6Note also the use ot conquerar (164) and nostris questibus (170).
7T. E. Kinsev. "Irony and Structurein Catullus 64," Latomus 24 (1965) 921f.
"I include lines 23b and 378 in the reckoning.
"See Kroll's scheme (p. 219).

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RING-COMPOSITION
IN CATULLUS64

237

countrysidecreatean expectationthatthe mortalswill returnto the countryand


hence can be regarded as anticipating, and to that extent balancing, the
departureof the mortalguests. The refreshingsimile thatoccupies most of the
space devoted to the departureof the mortalsin c provides a welcome contrast
to the jarringpictureof the revelling bacchanals(254-264) and this must be at
least partof the reasonfor the inclusion of this passage. Both C and c mention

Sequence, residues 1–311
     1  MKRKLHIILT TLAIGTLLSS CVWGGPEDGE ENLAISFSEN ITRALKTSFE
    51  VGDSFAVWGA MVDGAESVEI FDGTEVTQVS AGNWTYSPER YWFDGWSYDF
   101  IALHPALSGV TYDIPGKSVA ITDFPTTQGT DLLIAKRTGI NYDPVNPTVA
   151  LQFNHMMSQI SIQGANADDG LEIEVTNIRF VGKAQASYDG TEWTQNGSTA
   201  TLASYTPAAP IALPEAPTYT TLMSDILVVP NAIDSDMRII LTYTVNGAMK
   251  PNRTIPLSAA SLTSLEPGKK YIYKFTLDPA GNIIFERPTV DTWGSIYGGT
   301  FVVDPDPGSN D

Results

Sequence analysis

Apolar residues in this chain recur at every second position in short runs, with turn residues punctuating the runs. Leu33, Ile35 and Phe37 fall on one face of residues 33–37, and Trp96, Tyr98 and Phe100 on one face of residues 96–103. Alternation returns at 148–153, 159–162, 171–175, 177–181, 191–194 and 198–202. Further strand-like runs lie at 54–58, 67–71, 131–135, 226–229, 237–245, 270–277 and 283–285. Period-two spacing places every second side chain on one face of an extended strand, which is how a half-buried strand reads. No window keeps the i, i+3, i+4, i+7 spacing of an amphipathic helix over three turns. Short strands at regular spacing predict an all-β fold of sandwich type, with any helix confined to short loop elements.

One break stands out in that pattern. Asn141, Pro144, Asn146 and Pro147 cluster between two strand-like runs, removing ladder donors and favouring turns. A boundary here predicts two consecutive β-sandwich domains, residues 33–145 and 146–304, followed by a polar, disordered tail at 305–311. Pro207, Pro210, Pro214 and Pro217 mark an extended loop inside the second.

where the different guests have come from and refer to the gifts they bring.
Both sections use the rhetoricaldevice of the list. In C the lists areof the places
and activitieswhichthe mortalguests have left behind. In c the gifts broughtby
the immortalsare listed.
The disparity in length between sections B (22-30) and b (303-381) is
enormous,but the links in subjectmatter,form, and languageare compelling.
In both sections Peleus himself is addressedand his felicity extolled. Quinn
rightlyuses the term makarismosof both sections.10The first two lines of the
two addressesto Peleus are remarkablysimilar in vocabularyand phrasing:
teque adeo eximie taedis felicibus aucte,
and

Thessaliae columen Peleu, cui luppiter ipse . . . (25f)

o decus eximium magnis virtutibusaugens,